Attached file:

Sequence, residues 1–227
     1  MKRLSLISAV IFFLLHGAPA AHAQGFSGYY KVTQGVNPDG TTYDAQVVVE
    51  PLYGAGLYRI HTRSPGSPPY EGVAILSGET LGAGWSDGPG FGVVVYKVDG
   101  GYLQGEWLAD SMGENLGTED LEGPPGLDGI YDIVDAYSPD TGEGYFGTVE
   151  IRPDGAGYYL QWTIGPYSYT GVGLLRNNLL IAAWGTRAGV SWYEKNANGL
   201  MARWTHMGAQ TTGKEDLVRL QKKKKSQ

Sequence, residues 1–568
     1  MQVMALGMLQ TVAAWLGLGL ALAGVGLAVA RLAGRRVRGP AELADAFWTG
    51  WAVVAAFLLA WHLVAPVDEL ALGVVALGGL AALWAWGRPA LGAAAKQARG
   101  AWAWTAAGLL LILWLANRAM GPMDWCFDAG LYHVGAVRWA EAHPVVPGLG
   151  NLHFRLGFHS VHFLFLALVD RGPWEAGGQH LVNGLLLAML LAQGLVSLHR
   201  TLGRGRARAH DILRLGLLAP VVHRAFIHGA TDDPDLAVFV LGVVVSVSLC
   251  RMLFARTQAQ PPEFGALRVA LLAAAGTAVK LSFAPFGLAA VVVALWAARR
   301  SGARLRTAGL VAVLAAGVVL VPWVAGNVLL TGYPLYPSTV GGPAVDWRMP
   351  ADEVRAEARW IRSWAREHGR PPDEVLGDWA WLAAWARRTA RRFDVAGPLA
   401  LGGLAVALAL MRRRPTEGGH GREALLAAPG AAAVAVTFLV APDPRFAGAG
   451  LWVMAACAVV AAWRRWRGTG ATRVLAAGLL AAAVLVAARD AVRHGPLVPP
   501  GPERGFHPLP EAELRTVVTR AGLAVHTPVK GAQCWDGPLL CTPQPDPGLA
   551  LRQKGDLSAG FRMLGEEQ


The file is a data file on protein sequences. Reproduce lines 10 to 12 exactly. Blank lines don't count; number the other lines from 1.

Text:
   101  AWAWTAAGLL LILWLANRAM GPMDWCFDAG LYHVGAVRWA EAHPVVPGLG
   151  NLHFRLGFHS VHFLFLALVD RGPWEAGGQH LVNGLLLAML LAQGLVSLHR
   201  TLGRGRARAH DILRLGLLAP VVHRAFIHGA TDDPDLAVFV LGVVVSVSLC